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Fire Tests Are Utterly Inadequate Says ABI and Which?

Testing cladding
25 April 2018

New post-Grenfell tests show real-life fires could burn at least 100 degrees hotter - exposing the inadequacy of the laboratory tests currently used to check the fire safety of building materials.


The Association of British Insurers (ABI) commissioned the Fire Protection Association (FPA) to carry out a series of carefully controlled experiments, which in their opinion recreated more realistic building conditions than those in which the standard tests are done, in an effort to measure what difference these factors could make in the event of a fire.

The real-life factors overlooked by the official testing regime according to the ABI include:

  • Test fires which are only made up of wood. In modern blazes, around 20% of the materials involved are plastic.
  • Cladding materials are sometimes tested as a sealed unit, whereas when fitted on a building they often include gaps, and cover a far more extensive area.
  • Materials tested will be in manufacturer condition, but during their actual use will often be pierced by things such as vents or ducts.


Hackitt Review

In its submission to the Hackitt Review, the ABI called for an end to the use of all but non-combustible materials in construction, along with a reformed testing regime that replicates real world conditions to provide genuine evidence of how materials perform in a fire. The results of these latest tests all reinforce the importance of urgent reform, argues the ABI - describing the current testing regime as Utterly Inadequate.

Huw Evans, Director General of the ABI, said: “Dame Judith Hackitt’s important work post-Grenfell has already recognised the building control system is broken. This latest research is yet more evidence that fundamental reform is needed to keep our homes and commercial premises safe from fire. It is a matter of urgency that we create the right testing regime that properly replicates real world conditions and keeps pace with building innovation and modern design.”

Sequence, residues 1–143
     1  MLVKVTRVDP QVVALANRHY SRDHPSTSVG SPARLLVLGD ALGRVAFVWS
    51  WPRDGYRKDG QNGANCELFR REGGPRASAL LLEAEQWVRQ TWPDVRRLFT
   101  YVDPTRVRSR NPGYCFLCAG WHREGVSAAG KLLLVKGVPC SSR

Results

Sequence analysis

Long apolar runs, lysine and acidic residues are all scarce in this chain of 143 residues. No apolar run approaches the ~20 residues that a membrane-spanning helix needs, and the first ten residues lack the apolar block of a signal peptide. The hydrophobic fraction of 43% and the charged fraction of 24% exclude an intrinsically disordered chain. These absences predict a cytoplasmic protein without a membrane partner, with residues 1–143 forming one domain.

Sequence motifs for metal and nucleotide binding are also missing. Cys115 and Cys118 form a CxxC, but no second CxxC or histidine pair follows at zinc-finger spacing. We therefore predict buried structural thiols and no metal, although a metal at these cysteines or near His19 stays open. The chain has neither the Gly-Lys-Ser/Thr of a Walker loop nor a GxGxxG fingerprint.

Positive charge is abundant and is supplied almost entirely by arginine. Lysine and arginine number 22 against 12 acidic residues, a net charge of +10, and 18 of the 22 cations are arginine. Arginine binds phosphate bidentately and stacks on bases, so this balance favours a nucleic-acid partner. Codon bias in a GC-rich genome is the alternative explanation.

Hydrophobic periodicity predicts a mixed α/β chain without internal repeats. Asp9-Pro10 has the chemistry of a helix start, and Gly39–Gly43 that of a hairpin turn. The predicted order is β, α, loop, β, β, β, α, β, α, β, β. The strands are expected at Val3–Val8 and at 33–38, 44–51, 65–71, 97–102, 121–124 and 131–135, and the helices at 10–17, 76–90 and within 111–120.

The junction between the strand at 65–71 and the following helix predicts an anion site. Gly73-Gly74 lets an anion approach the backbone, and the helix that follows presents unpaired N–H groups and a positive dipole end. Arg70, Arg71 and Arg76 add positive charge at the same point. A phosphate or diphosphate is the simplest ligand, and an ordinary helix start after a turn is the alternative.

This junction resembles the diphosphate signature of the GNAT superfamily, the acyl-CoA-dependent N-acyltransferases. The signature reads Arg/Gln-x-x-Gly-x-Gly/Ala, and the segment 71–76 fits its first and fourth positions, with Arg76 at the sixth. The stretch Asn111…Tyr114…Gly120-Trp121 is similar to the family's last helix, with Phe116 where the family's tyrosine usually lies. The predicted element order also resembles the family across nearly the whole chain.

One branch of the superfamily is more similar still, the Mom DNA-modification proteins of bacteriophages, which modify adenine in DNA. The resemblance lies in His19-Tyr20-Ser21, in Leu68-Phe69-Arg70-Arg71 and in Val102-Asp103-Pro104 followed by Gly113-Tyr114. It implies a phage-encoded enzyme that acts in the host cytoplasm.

Tests & Results

The Issue: Test fires are only made up of wood. In modern blazes, around 20% of the materials involved are plastic.

Test 1: Two fires were created with the same energy content, one purely built out of wood, the other containing 20% plastic.

The results: The flames created by the fire containing plastic had a flame length around 1 metre longer than the wooden fire; the temperatures involved were 100 degrees hotter and still increasing when the plastic-containing fire had to be extinguished because it was exceeding lab safety conditions.

The implications: As well as the ability of the fire containing plastic to spread faster and create higher temperatures, building materials such as aluminium lose a lot of their strength at higher temperatures. A lot of cladding, including that used on Grenfell Tower, is made up of aluminium composite panels.


The Issue: Cladding materials can be tested as a sealed unit, whereas when fitted on a building they often include gaps, and cover a far more extensive area.

Test 2: Fires were started at the bottom of three columns. One had no cladding or cover at all, the second had cladding fitted to create a void but with sealed edges and ends, the third was clad with a void, leaky sides and some ventilation at the top and bottom.

The results: Fire climbed 1.5 metres up the open face before burning out and self-extinguishing; the sealed cladding unit also saw fire climb a similar distance before it ran out of oxygen and self-extinguished; the unit where the cladding had gaps rapidly caught fire up the entire 6 metre height of the testing column.

The implications: The availability of oxygen makes a massive difference to how materials respond to fire. In well-ventilated voids, such as behind some cladding systems, the rate at which fire spreads can be greatly increased by a chimney effect. Any tests which restrict the availability of oxygen in a way that doesn’t happen on a full scale building will not be able to correctly assess how the materials will behave in practice.